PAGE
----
- No. 16 Model House Road
Latha's fingers tug at a loose strand of wicker on the arm of the loveseat. She is sitting next to Muthu on the well-worn, pale green cushions. The developer woman sits across from them, on the matching single sofa. Her toenails are painted a shade of light blue that remind Latha of the soap she uses when she does the laundry. The woman is wearing linen pants and a red cotton shirt, appropriately high-necked and pleasantly loose, with a stylish outward flare at the waist. One of her legs is crossed over the other, and the boldness of this shocks Latha. Not because she thinks women should not cross their legs. She believes that women can do anything. Her own daughter works, and she sees women working on the TV serials she watches. Latha is shocked because, for the first time, she is observing a woman at work—with the style, posture, and demeanor of a professional—right in front of her, in her home.
Mornings in Bangalore are typically crisp and cool, but this morning there is a bit of warm sun and it streams through the grilled window, casting a shadow of bars that stretch underneath Latha and Muthu's round, glass-topped coffee table. The woman has her papers spread out over the glass, one page right on top of the plate of butter biscuits that Latha set out: sketches, floor plans, and photographs detailing what things could be like. They could have three bedrooms or four, she says. Right now, they only have two.
She directs her words towards Muthu, though it is Latha who actually owns No. 16 Model House Road. Binny left it to her when she died, not to him.
"The living area will increase by 50 percent with most options," the woman says, her English clean and crisp. "Remarkable what we can do."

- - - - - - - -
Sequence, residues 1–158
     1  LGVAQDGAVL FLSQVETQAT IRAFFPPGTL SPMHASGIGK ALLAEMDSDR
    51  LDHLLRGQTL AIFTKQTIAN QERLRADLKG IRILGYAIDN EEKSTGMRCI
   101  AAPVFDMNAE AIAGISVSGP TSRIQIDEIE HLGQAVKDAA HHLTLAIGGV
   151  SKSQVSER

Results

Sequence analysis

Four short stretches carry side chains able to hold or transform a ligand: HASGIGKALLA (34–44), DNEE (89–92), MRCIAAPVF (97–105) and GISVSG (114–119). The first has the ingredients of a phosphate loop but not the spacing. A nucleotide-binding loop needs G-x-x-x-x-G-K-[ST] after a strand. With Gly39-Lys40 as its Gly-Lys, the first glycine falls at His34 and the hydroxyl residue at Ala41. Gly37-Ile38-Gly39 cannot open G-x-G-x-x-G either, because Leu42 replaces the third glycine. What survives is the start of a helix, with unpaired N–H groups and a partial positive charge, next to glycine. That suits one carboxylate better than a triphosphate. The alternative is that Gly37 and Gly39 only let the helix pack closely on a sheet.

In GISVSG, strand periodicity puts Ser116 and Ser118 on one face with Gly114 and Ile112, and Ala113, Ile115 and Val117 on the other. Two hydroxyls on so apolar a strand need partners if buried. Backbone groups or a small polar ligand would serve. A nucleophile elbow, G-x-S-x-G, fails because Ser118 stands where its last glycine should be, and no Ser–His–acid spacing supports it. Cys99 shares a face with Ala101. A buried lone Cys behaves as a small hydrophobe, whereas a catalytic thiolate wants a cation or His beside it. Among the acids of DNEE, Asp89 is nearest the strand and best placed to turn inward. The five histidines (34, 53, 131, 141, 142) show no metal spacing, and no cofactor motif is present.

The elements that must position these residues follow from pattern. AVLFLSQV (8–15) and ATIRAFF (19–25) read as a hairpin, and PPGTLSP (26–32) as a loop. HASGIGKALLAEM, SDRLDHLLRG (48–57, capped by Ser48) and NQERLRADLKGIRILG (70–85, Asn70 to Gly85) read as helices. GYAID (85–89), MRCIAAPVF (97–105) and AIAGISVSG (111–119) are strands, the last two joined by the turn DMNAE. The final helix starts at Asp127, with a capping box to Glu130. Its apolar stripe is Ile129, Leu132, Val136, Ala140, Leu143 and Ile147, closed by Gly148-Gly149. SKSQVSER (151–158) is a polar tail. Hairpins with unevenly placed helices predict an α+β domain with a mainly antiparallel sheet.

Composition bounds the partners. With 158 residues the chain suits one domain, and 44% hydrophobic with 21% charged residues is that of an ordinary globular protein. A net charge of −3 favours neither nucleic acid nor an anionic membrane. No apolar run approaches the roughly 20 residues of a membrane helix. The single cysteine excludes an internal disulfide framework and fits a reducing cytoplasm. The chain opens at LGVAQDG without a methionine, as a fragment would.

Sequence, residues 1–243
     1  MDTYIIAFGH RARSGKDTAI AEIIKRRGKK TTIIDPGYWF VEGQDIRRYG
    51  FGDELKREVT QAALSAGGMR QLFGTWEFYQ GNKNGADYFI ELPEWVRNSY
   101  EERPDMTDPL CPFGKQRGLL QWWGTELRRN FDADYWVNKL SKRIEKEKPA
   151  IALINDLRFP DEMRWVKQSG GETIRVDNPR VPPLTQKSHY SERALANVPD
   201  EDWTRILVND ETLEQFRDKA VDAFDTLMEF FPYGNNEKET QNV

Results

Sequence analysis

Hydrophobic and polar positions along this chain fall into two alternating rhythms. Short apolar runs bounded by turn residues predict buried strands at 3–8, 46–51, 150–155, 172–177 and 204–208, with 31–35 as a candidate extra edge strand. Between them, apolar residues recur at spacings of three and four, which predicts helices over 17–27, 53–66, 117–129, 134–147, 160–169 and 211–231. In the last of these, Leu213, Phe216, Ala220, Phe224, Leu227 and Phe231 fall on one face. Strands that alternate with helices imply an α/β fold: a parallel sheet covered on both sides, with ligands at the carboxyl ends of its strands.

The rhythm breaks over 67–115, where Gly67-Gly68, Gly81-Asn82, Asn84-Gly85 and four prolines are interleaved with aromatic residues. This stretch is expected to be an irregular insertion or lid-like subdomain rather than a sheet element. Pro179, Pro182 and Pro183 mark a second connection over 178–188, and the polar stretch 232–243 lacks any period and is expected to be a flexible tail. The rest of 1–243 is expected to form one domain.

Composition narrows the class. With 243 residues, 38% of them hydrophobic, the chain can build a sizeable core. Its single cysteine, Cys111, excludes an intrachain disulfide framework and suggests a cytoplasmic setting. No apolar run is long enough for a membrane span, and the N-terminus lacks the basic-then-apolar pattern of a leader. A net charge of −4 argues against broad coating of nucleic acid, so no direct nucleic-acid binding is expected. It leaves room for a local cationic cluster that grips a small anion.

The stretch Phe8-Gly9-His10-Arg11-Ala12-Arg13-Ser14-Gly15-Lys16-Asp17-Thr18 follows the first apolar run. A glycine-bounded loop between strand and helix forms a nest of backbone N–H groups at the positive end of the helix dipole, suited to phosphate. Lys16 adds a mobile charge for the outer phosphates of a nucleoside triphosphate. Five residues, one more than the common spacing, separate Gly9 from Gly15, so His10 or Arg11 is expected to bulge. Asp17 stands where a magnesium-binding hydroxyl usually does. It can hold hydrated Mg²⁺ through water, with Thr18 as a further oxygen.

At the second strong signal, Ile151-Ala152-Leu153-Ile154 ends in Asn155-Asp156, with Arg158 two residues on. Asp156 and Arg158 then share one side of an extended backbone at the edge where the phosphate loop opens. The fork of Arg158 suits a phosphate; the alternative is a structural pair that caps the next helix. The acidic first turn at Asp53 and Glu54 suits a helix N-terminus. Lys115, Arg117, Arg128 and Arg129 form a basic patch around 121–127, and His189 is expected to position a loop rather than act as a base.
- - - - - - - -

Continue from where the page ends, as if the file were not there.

The developer's proposal is simple: to demolish Latha's beloved No. 16 and, in its place, erect a thoughtfully constructed, modern, low-rise apartment building. Four stories. Four flats. All costs covered by the company. During the year it would take to construct the new building, the company would cover the cost of Latha and Muthu's housing with a generous lump sum. At the end of it all, the bottom flat would go to Latha and Muthu, and the other three would go to the developer and be sold at a big profit.
It was a scheme happening all over Bangalore in various forms, as the city's tech industry grew at an explosive rate. Property values were higher than they had ever been, and housing was almost impossible to find. A few years ago, another developer had offered to buy their plot. Theirs was just a one-and-aquarter–ground plot but that developer had been willing to pay them three crores for it. They declined. [End Page 142]
Today, the woman has four layouts for Latha and Muthu to choose from. Latha is partial to the smallest of the floorplans because it offers the most garden space. But she knows Muthu has disregarded it.
While Muthu studies the plans, Latha continues to study the woman. Her hair is long, loose, and straight, cut unevenly in the front so that pieces of it touch her cheeks and chin. The unevenness appears to be intentional. She is in her early thirties, Latha thinks, based on her still-firm skin and the presence of a single visible gray hair that runs down from her side part. She is not wearing a thaali around her neck, or a ring, but that means nothing in Bangalore these days. Even Latha's daughter, newly married, only wears her thaali when attending a wedding or some other family function.
"From the beginning, I have liked this one," Muthu says. He points to a layout that appears to have an extra room jutting out the back.
From the beginning.
Muthu had wanted to take the deal the first time the company made a proposal, nearly ten months ago. The woman is the fourth person from the company to come to their...